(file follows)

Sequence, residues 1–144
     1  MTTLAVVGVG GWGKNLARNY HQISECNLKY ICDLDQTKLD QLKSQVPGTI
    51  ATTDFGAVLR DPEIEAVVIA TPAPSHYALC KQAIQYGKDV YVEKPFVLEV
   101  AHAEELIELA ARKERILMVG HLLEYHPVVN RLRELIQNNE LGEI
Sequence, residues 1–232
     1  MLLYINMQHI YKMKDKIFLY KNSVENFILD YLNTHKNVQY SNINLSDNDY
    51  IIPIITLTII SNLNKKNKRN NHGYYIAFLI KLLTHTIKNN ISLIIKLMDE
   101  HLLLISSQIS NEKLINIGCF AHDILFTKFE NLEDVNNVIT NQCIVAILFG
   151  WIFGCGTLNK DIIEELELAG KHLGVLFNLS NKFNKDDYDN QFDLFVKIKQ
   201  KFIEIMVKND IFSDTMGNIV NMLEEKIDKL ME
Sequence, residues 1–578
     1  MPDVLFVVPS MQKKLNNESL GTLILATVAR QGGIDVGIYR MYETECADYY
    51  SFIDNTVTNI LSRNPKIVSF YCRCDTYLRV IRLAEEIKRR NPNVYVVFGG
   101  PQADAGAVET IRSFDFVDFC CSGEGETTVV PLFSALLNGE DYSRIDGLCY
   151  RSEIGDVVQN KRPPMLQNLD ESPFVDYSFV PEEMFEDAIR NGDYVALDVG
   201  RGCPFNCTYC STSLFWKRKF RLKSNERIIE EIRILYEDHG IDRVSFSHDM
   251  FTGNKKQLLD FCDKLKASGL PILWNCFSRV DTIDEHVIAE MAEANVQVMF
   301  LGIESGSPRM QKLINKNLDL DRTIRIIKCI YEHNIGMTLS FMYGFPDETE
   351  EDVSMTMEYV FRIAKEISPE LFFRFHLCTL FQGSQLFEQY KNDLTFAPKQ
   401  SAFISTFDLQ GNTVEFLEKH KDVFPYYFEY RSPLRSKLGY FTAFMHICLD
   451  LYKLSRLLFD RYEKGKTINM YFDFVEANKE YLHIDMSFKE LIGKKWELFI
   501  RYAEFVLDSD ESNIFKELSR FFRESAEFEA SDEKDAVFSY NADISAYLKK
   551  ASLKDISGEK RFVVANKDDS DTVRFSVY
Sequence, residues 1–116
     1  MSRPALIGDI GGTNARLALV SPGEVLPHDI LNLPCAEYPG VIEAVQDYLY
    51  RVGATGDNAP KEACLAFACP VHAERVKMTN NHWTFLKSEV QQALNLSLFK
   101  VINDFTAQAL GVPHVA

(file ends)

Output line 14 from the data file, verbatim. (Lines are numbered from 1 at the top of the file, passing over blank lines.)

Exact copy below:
   101  PQADAGAVET IRSFDFVDFC CSGEGETTVV PLFSALLNGE DYSRIDGLCY